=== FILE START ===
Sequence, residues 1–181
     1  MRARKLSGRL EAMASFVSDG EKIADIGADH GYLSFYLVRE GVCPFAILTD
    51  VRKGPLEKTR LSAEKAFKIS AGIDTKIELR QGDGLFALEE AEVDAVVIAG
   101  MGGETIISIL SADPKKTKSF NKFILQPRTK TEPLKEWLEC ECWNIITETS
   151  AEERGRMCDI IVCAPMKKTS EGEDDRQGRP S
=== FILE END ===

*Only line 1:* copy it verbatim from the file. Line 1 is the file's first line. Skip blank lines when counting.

Sequence, residues 1–181